MicroRNAs, ultraconserved genes and colorectal cancers

Simona Rossi, Scott Kopetz, Ramana Davuluri, Stanley R. Hamilton, George A. Calin*

*Corresponding author for this work

Research output: Contribution to journalReview articlepeer-review

43 Scopus citations


In this review we present some recent advances in understanding the roles of non-coding RNAs, including microRNAs and ultraconserved genes, in colorectal cancer and the way these advances can be translated for better cure of patients. MicroRNAs are a class of small RNAs that do not code for proteins and yet function as gene regulators. The deregulation of microRNA expression is involved in the initiation, progression, and dissemination of any type of human tumor. The underlying mechanisms of microRNA deregulation in human cancers are just starting to be understood. Germline and somatic mutations in microRNAs or polymorphisms in the messenger protein-coding RNAs targeted by microRNAs may also contribute to the tumor phenotype. Profiling microRNAs by various methods has identified signatures associated with the diagnosis, staging, progression, and prognosis of human colorectal cancers. Consequently, miRNAs have potential as diagnostic biomarkers and therapeutic targets in colorectal cancers. Ultraconserved genes represent a recently identified class of transcripts, mainly non-coding, that are highly conserved during evolution and can regulate miRNAs by direct interaction. Fingerprints of ultraconserved genes expression can classify cancers, including colorectal cancers, and ultraconserved genes may be involved in metastasis. Thus, having a clearer understanding of the mechanisms involved in the deregulation of non-coding RNAs in colorectal cancers is expected to contribute greatly to the development of new microRNA-based strategies for the diagnosis and treatment of patients.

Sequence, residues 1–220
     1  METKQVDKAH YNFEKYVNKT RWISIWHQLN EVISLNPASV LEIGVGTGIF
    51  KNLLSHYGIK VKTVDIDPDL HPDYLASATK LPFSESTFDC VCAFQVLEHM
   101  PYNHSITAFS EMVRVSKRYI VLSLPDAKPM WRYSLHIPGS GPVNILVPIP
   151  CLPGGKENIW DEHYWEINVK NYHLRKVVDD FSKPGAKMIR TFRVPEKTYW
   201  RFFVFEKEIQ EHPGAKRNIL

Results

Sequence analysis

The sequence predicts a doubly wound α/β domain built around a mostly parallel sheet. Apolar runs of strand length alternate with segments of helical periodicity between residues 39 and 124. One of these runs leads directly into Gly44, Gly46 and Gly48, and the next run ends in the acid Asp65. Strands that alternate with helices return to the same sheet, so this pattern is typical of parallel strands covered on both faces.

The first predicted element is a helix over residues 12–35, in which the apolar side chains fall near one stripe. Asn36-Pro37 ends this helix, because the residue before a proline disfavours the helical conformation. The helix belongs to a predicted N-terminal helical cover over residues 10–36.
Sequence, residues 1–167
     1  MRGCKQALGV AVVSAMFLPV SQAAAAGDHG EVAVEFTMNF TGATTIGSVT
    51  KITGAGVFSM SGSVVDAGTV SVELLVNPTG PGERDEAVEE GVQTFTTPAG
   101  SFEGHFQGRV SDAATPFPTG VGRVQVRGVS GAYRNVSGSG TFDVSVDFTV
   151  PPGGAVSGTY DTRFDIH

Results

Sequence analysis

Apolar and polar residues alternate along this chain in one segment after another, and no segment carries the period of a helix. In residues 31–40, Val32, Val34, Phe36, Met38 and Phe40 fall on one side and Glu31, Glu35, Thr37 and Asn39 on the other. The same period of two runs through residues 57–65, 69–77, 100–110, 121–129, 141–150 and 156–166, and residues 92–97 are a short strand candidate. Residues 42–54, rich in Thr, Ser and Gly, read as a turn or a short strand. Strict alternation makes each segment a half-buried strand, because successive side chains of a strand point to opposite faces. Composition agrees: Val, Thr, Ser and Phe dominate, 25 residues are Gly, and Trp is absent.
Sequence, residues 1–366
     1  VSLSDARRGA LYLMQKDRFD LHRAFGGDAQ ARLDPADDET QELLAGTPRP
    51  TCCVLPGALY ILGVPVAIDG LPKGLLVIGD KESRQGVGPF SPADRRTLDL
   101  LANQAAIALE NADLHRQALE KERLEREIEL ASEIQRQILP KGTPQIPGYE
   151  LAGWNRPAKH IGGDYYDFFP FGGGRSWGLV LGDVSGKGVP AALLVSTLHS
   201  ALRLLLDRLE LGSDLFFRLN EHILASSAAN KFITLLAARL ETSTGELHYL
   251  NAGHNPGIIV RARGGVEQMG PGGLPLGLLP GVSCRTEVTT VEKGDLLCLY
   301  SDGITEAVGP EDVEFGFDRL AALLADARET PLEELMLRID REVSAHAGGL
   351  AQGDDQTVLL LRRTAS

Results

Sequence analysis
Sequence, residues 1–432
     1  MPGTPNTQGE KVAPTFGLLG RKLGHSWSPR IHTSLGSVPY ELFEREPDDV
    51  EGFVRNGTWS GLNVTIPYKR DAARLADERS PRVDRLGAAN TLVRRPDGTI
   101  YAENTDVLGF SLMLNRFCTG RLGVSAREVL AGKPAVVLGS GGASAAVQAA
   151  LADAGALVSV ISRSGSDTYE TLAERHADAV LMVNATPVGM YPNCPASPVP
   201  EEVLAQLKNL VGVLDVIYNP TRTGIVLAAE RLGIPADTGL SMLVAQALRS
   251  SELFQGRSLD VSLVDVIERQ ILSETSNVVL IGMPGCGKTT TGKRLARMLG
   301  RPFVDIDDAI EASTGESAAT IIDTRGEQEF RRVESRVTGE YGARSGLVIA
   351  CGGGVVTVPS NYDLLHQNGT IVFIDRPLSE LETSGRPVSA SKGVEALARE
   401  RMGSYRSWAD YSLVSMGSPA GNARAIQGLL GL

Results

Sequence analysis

Original languageEnglish (US)
Pages (from-to)1291-1297
Number of pages7
JournalInternational Journal of Biochemistry and Cell Biology
Issue number8
StatePublished - Aug 1 2010


  • Colorectal cancer
  • Metastasis
  • MicroRNA
  • Profiling
  • Ultraconserved gene

ASJC Scopus subject areas

  • Biochemistry
  • Cell Biology

Fingerprint Dive into the research topics of 'MicroRNAs, ultraconserved genes and colorectal cancers'. Together they form a unique fingerprint.

Cite this